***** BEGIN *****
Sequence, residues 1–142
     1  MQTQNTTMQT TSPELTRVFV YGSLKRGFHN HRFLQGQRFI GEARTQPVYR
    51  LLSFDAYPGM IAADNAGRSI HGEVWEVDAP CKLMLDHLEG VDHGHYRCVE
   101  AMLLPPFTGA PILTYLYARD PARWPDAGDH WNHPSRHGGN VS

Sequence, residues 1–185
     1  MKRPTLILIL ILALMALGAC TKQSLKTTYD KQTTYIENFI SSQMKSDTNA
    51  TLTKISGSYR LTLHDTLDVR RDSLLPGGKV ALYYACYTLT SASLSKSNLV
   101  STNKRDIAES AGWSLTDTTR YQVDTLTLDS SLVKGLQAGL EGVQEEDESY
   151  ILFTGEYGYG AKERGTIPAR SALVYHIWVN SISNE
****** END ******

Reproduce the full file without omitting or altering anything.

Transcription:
Sequence, residues 1–142
     1  MQTQNTTMQT TSPELTRVFV YGSLKRGFHN HRFLQGQRFI GEARTQPVYR
    51  LLSFDAYPGM IAADNAGRSI HGEVWEVDAP CKLMLDHLEG VDHGHYRCVE
   101  AMLLPPFTGA PILTYLYARD PARWPDAGDH WNHPSRHGGN VS

Sequence, residues 1–185
     1  MKRPTLILIL ILALMALGAC TKQSLKTTYD KQTTYIENFI SSQMKSDTNA
    51  TLTKISGSYR LTLHDTLDVR RDSLLPGGKV ALYYACYTLT SASLSKSNLV
   101  STNKRDIAES AGWSLTDTTR YQVDTLTLDS SLVKGLQAGL EGVQEEDESY
   151  ILFTGEYGYG AKERGTIPAR SALVYHIWVN SISNE